All in all it was a great day out exploring a new area!
A few skeeters and a few deer flies, but the bugs weren't bad at all.
Nice breezy Day.
Didn't see anyone else all day.


Here's a map of my route:

Last edited by Justin; 06-16-2013 at 12:10 PM..
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Old 06-16-2013, 01:06 AM   #2
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Thanks, Justin, for sharing your first venture to this area. The scenery is fantastic and I hate the idea that motor boats could eventually invade some of these waters.
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Old 06-16-2013, 07:12 AM   #3
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... and I hate the idea that motor boats could eventually invade some of these waters.
Write a letter, help stop it!
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Old 06-16-2013, 08:59 AM   #4
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Great report!
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Old 06-16-2013, 08:59 AM   #5
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I must say, even though walking along the logging roads was very easy, it is fairly uneventful for the hiker. The only time it felt like "Wilderness" was on the short trail to Clear Pond, and the short bushwhack to the rapids on the Cedar River.
As much as I hate to say it, and as much as I'd like to see this area classified as Wilderness, it seemed like it'd be ideal for snowmobiles and bicycles....just my honest opinion.
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Old 06-16-2013, 09:22 AM   #6
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It will self mend given the chance.
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Old 06-16-2013, 11:20 AM   #7
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Thanks so much for sharing this report. I'm one of those people that have tended to focus on certain areas of the ADK Park (such as the high peaks, top 100, etc.). Areas like this with which I have little familiarity are incredibly enjoyable to read, as I learn, and, dare I say this, conquer some innate "fear" of the unknown areas of the park. Questions such as "Will I be shot if I go down this trail which may not be state land?" and "If I park on the side of this road, will my car still be here (towed away) when I get back?" are always bugging me. Reports like these are absolutely fantastic in answering questions like this. Thank you so very much once again.

Regarding the classification issue, as was said is true: if left alone, the area will be naturally re-claimed, and a wilderness classification would be entirely appropriate. Some of the wilderness areas that we now have in the park used to be far more run down than they are now; the protections that were put in place are what have made them look so much more natural now. I'm confident that something similar would take place here. Nonetheless, the very fact that we, the public, now have access to this area is a wonderful thing. No matter what we all individually believe regarding classification, we should all be thankful that the state has at least acquired this land, as it is now open to us, and will be of a guaranteed level of protection for the foreseeable future. Thank you, NYS for acquiring these lands.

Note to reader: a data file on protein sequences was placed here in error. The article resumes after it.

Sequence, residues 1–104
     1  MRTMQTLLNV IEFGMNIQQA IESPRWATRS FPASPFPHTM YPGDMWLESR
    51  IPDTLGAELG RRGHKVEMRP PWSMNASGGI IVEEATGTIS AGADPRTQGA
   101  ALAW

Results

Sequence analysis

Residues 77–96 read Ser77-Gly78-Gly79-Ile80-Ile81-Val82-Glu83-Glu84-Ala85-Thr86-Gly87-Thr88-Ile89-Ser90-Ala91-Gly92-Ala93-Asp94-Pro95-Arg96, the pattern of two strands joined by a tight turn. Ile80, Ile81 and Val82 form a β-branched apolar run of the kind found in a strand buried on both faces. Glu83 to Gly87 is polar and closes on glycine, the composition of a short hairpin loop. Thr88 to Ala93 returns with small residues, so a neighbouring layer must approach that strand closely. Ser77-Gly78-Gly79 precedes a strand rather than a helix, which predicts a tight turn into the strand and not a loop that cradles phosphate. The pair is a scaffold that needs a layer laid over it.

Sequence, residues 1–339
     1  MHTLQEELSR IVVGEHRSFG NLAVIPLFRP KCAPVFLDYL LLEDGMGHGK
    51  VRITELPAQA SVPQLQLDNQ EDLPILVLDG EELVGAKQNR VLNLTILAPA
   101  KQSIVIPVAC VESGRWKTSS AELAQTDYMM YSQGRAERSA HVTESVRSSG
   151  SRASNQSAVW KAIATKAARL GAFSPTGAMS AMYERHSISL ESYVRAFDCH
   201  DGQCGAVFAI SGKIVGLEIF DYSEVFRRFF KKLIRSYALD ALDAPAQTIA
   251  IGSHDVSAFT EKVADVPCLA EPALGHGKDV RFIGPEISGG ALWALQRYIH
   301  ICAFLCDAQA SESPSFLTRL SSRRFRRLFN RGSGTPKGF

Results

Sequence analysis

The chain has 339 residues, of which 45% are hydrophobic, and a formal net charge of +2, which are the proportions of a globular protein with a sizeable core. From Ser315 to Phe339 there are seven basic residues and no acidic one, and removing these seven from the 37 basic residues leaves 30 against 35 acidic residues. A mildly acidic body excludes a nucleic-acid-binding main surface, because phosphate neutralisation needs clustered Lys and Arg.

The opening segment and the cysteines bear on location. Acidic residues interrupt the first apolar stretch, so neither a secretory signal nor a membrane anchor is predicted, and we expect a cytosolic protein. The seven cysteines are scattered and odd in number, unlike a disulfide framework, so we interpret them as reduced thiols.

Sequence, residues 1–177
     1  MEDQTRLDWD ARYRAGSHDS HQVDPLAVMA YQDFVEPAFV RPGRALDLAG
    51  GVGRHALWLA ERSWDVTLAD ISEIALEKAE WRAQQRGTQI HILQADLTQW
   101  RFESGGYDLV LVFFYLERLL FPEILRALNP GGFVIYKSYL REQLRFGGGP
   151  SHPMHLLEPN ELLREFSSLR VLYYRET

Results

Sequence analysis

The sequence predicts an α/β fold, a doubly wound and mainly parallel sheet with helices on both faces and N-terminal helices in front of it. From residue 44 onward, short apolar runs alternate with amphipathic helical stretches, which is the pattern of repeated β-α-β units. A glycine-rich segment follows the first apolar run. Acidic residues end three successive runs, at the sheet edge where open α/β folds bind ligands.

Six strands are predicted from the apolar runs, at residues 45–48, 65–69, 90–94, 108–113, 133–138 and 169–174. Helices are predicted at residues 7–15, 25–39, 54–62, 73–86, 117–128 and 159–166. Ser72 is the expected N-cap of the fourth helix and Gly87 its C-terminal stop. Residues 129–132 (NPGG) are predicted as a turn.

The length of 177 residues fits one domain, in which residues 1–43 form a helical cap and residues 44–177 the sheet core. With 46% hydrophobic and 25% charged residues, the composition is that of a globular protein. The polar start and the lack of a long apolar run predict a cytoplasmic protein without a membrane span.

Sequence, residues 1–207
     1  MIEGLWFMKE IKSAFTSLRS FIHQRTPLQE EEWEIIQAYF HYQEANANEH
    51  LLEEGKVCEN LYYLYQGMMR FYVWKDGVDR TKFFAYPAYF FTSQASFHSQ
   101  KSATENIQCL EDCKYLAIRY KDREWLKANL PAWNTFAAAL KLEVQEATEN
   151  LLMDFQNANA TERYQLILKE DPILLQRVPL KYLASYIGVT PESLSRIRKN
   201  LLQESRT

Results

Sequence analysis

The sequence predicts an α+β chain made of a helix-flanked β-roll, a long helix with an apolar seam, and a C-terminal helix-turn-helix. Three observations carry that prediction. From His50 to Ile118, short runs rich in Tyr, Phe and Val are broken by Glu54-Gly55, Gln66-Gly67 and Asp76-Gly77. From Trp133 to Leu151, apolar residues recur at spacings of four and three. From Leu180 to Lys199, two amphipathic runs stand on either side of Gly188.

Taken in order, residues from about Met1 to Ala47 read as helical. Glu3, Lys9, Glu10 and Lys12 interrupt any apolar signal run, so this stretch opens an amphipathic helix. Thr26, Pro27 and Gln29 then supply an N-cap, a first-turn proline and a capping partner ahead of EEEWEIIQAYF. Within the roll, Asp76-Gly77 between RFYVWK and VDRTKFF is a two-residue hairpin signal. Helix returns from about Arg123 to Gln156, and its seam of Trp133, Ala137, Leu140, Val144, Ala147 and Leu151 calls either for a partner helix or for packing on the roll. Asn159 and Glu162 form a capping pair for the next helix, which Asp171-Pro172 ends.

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Old 06-16-2013, 03:55 PM   #8
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Justin,

Thanks for the first person recon...the Cedar looks great, doesn't it?
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Old 06-16-2013, 05:44 PM   #9
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Justin - Thanks for the great TR and pics. I was wondering what the area would be like.
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Old 06-16-2013, 07:41 PM   #10
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Thanks guys.

Stripperguy, yes it sure does, however it does not look good for carrying a canoe around some of the rapids.
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Old 06-16-2013, 08:08 PM   #11
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Justin...I have just the right canoe for bouncing off those rocks.
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Old 06-17-2013, 11:31 PM   #12
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Thanks for the excellent report!
Is there a way of finding out how much float plane activity occurs on Pine Lk?

Justin, how cartable/wheelable are the old roads (are they as smooth as Whitney or lots of boulders & washouts)
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Old 06-18-2013, 08:05 AM   #13
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Justin, how cartable/wheelable are the old roads (are they as smooth as Whitney or lots of boulders & washouts)